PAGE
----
By the way, there are 2 completely different versions of the program, one which controls a "AM" LED which is on in the morning and a "PM" LED which is on in the evening, and a different version which controls only the PM LED, which is off in the morning. If you only want one LED to denote AM/PM, you can't use the version that controls them both, because it will turn on other LEDs when it tries to turn on the AM LED which won't be there. Please tell me which version you want or I will choose for you.
A demonstration of the version of this clock with the alarm can be seen here (make sure to be patient when downloading this, and make sure to have some kind of pop-up ad killer in place: mediafire will definitely zap you if you don't):
It is not only a clock but a calendar too. You give it the year modulo 4, the month, the day in month, the day in week, hour, minute, second. Press one of the 2 buttons to get it to show you the date (the 5th picture shows this - it displays the date March 1 - today as of when I wrote this), where the 12 hours represent the month and the minutes/seconds represents the day in the month. All LEDs flash 11 times per second. That really gets your attention, and epileptics beware. The ring of 60 LEDs shows you the minutes AND the seconds. The seconds flash twice a second on top of the 11 cycle per second flashing. Also they advance one per second. It also automatically adjusts for daylight saving time as it is right now in the US. So beware if you're in a place that doesn't do daylight/standard transitions or does it at a different time. When you first turn it on, it also asks you if you want it to run clockwise or counterclockwise (as if flashing 11 times a second wasn't trippy enough) and then it asks you for a "fudge factor" to make it more precisely keep time. I threw it in there because I found the 32768 Hz crystals aren't particularly accurate. It's a parameter that starts at 1:59 (no adjustment) and has 240 possible values and is shown by the times 12:00 through 3:59. Each one forward adds 1/8192 of a second to the clock every 15 seconds. What it amounts to is that each one makes it get faster by 4.921875 seconds per week. In other words, if you ran it for a week and it got 2 minutes slow with this starting parameter set to "1:59", you could turn it off and back on and set it to "2:23" at the beginning, and then it will get 1.875 seconds slow every week. The version with the alarm has neither of these features, where you can make it go clockwise or counterclockwise, or this settable time accuracy calibration parameter, so those are advantages that only this version without the alarm have. To see a demonstration of this version of the clock, without the alarm (it's a big clock, made by hand on a big slab of cardboard and not a 5 cm machine-made circuit board, but aside from being before the addition where you get to choose whether it's clockwise or counterclockwise, it behaves the same as the program on the microcontroller in this kit), watch this:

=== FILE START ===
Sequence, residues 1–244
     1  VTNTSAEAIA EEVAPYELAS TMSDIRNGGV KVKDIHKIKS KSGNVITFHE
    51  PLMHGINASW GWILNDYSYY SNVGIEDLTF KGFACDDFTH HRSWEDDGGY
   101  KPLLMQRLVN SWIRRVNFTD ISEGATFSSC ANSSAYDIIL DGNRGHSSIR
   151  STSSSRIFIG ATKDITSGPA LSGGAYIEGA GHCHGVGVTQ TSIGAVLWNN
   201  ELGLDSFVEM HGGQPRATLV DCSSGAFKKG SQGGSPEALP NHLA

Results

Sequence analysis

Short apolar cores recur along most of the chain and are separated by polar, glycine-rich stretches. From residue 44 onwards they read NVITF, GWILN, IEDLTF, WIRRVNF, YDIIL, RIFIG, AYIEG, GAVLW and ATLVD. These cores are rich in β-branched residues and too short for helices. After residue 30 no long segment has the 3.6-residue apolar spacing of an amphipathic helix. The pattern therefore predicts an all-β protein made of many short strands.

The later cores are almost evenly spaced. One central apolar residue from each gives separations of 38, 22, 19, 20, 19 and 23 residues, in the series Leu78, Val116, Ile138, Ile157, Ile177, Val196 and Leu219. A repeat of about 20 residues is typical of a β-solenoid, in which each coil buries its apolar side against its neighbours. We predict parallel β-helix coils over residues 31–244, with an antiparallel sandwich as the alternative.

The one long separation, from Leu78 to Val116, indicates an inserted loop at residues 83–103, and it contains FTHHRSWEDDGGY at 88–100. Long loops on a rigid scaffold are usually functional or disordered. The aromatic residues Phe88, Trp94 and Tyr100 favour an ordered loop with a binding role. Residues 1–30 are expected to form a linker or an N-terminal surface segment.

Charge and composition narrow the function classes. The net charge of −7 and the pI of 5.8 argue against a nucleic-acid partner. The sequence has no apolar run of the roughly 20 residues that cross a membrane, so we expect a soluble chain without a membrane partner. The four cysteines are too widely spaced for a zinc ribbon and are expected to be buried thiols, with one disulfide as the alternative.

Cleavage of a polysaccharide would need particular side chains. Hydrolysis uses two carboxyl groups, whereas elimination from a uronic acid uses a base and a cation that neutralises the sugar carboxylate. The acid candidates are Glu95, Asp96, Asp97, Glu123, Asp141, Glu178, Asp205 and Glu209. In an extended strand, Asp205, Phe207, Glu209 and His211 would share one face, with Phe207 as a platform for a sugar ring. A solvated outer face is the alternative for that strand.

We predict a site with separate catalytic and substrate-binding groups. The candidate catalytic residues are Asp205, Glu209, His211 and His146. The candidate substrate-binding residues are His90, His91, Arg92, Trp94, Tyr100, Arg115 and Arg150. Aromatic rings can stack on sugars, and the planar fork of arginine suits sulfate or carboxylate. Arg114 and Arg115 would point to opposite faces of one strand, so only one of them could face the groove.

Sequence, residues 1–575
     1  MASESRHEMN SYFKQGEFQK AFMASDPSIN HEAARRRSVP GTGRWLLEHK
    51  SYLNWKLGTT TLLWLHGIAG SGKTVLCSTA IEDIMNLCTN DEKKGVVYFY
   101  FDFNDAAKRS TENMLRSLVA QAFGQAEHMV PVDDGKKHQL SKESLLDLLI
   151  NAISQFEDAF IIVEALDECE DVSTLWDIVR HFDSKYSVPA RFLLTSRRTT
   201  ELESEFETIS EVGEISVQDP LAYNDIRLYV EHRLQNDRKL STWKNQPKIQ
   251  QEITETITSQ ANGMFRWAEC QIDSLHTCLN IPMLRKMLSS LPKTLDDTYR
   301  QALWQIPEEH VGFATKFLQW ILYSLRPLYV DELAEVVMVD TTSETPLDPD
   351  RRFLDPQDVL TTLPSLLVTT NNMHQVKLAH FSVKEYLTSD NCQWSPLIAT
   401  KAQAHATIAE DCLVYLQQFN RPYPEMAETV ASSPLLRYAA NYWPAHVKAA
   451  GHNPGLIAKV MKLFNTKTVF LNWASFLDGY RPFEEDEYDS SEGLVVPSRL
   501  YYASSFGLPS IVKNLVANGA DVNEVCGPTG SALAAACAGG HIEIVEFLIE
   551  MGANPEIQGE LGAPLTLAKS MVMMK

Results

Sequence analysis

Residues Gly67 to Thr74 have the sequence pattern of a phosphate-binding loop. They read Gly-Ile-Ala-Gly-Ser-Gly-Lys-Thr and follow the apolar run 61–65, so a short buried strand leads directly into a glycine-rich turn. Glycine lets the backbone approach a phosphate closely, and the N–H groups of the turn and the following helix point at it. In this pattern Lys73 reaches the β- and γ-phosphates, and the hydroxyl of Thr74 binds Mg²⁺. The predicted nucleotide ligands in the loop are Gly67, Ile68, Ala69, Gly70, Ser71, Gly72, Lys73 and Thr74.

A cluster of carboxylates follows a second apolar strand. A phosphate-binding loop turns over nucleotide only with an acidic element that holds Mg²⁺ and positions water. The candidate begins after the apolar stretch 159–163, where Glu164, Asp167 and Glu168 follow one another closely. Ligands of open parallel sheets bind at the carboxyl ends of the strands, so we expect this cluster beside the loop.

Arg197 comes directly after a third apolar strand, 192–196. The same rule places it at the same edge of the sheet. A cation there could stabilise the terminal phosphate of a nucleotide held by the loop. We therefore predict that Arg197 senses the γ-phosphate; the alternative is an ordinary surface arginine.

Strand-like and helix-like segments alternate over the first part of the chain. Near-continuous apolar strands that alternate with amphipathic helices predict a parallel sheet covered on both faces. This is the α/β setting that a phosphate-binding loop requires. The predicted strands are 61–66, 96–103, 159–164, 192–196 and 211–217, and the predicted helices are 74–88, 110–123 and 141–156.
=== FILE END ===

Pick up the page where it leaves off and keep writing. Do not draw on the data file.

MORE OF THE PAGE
Please feel free to check out our other electronic items at medexamtools.com/diodes.htm. These can be added into your order for combined shipping as well (the shopping cart system will do it automatically).